On Tuesday, the Saskatchewan government rejected the privacy commissioner’s recommendation, meaning that the pipeline safety reports will remain hidden from the public....


how the canadian adoption of undrip could be so easily manipulated by the government almost to the point of it being toothless....

The Declaration is  toothless, only because the Indigenous Nations of Canada refuse to demand its implementation and take Canada to appropriate international levels...

it´s like everything legal in Canada, such as e.g. our Charter rights, which are ample, but we don´t even know our rights let alone even think about they being respected....


....better is more direct options....

of course direct options are crucial...but options that demand peoples rights and develop strategies internationally to guarantee them...otherwise without legal backing, the power of money will easily win out......

epaulo13 epaulo13's picture

iyraste1313 wrote:

how the canadian adoption of undrip could be so easily manipulated by the government almost to the point of it being toothless....

The Declaration is  toothless, only because the Indigenous Nations of Canada refuse to demand its implementation and take Canada to appropriate international levels...

it´s like everything legal in Canada, such as e.g. our Charter rights, which are ample, but we don´t even know our rights let alone even think about they being respected....

....better is more direct options....

of course direct options are crucial...but options that demand peoples rights and develop strategies internationally to guarantee them...otherwise without legal backing, the power of money will easily win out......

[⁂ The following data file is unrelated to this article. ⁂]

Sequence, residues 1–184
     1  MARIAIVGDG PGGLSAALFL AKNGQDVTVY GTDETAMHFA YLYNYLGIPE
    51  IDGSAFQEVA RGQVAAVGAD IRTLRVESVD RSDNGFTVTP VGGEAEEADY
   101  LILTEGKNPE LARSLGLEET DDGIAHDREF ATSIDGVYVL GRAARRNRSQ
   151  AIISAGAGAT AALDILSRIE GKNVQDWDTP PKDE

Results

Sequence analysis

..your assesments are not based in the understanding of the on the ground struggles. it seems to me your assesments are created to support what you think are the solutions.

epaulo13 epaulo13's picture

Beyond DAPL, the Line 3 Pipeline Battle Looms On The Horizon

Once we defeat the Dakota Access pipeline, it is essential that we carry the energy from this fight forward, to the many other places where Indigenous people are resisting fossil fuel infrastructure projects that threaten our lands and water.  We are not fighting a pipeline, we are building a movement.  The black snake has many heads. We ask you to continue standing with us.

On November 29, Canada's federal government officially approved two major pipeline projects - Kinder Morgan's Trans Mountain expansion and Enbridge's Line 3 pipeline. They also rejected Enbridge's Northern Gateway pipeline, after years of opposition from west coast First Nations and their allies. 

Once the last piece of Dakota Access pipe is removed from the ground, we at Honor the Earth will turn our focus back to Line 3.  Similar in size and purpose to the recently defeated Keystone XL pipeline, Enbridge’s Line 3 is proposed to transport tar sands oil over 1000 miles, from Hardisty, Alberta to Superior, Wisconsin, right through the heart of Anishinaabe territory and some of the best lakes and wild rice beds in the world.  The proposed route endangers three of the continent’s major watersheds including the Great Lakes, home to one fifth of the world’s fresh water.  It would also pierce the heart of Ojibwe treaty lands, where members of signatory bands retain the rights to hunt, fish, gather, hold ceremony, and travel.  It is our responsibility as water protectors to prevent this.   We will not allow Line 3 to desecrate our lands, violate our treaty rights, or poison our water....

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What Is Line 3?

Winona LaDuke explains Enbridge's proposal for a new tar sands crude oil pipeline called Line 3, which would pierce the heart of Anishinaabe territory in the Great Lakes and endanger our precious fresh water, wild rice, and way of life....